General Abdel Fattah al-Burhan pledged to take Sudan to civilian rule, but after going to war last month with his former partner in a military coup, that looks a distant promise.
As his warplanes rain strikes on the capital and his troops battle the paramilitary Rapid Support Forces of rival general Mohamed Hamdan Dagalo, known as Hemedti, Burhan has shown no inclination to compromise.
“There is no other option but the military solution,” he said five days into fighting that he was believed to be initially directing from a presidential guesthouse near the airport.
The war comes after Burhan had already turned Sudan’s fortunes upside down twice by removing veteran autocrat Omar al-Bashir during a popular uprising in 2019 and then by halting a democratic transition in 2021 by ousting a civilian government.
A career soldier in his 60s who served Bashir loyally for decades, Burhan rose through the ranks in wars in South Sudan and Sudan’s Darfur region. Few expected he would one day rule as head of a “Sovereign Council” established after Bashir fell.
Hemedti, whose powerful RSF had operated alongside the army during the war in Darfur, stepped in as Burhan’s deputy on the council. Despite occasional tensions, they presented a united front and in 2021 dissolved government in a coup.
Their relationship, never close, fell apart as they jostled for an upper hand, squabbling over the terms of a promised transition to democracy and the RSF’s merger into the regular armed forces, which Burhan wanted to accelerate.
With ties worsening before clashes broke out on April 15, Burhan was already making preparations for war as his air force scoped out bombing targets, military sources have said.
No reconciliation seems possible.
“We will get to you and hand you over to justice, or you die just like any other dog,” Hemedti said of Burhan the day fighting began.
The 2021 military takeover made Burhan the latest in a long line of coup leaders to rule Sudan for most of its history since independence from Britain in 1956.
As he headed the ruling council with Hemedti as his deputy, Burhan was still vowing to hand over power, telling Reuters civilian rule was the “natural situation” and repeating a commitment as recently as February to hold elections this year.
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But pro-democracy activists were always sceptical. They accuse him and other military leaders of killing protesters and say his coup was aimed at prolonging army rule, charges he denies.
In July 2022 he removed the five civilian members of the Sovereign Council, saying the army would not participate in internationally led efforts for a dialogue with them on the way forward.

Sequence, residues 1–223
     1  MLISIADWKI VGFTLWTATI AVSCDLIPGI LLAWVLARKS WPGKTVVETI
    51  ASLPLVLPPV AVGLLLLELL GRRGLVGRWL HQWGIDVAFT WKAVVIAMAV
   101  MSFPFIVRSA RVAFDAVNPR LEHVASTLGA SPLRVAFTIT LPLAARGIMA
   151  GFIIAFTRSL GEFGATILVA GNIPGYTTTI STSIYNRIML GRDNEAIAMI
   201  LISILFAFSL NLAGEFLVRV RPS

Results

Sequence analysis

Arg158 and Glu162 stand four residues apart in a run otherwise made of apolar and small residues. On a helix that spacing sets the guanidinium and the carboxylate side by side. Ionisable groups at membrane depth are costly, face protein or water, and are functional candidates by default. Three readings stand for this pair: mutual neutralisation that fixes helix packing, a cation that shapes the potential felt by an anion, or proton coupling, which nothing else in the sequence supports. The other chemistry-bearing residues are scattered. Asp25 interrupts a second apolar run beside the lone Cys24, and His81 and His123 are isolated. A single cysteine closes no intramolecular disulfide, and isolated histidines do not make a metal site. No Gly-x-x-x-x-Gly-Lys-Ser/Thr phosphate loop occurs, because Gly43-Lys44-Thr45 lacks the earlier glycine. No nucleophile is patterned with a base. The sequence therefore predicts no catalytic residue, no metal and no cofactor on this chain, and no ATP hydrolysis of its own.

Those who have met Burhan describe him as terse and quick-tempered. His language betrays a vehement aversion to criticism. In April 2022 he threatened to expel the U.N. envoy, who had recently commented on the country’s political turmoil, accusing him of “lying, blatant lying” and saying “we will kick you out”.
After Bashir loyalists had staged a protest in November 2022 he said in a speech at an army base: “We’ll cut out the tongue of anyone who speaks against the military”.
SERVICE IN DARFUR
Born in 1960 in a village north of Khartoum neighbouring Bashir’s home village, Burhan studied at a Sudanese army college, then in Jordan and at Egypt’s military academy.
Analysts say his attitudes to governing were shaped by his 41 years of army service. For much of that time, Sudan was a pariah to the West and on a U.S. terrorism list under Bashir, who hosted Osama bin Laden in the 1990s and is wanted by the International Criminal Court (ICC) for alleged war crimes.
During a war against rebels in Darfur, Burhan held the rank of brigadier general and worked in a district that saw fierce fighting, getting to know Hemedti.
In a grim precursor to their new conflict against each other, the army and RSF are accused of grotesque war crimes including massacres and rapes during the Darfur war.
When Bashir was overthrown in 2019, Burhan was only the fourth most senior figure in the military and holding an administrative position, yet he was among the generals who went to confront him, he has said.
“I told him the leadership of the armed forces had decided the situation was getting out of hand and therefore he should step down,” he told the BBC.
During Bashir’s last year in power, Burhan began to develop ties with foreign states that could be important as the conflict develops. He was at the forefront of tentative moves to normalise ties with Israel, a move applauded by Gulf states.
And in March 2021, he received Egyptian President Abdel Fattah al-Sisi in Khartoum, solidifying a relationship with Cairo that remains his strongest outside alliance.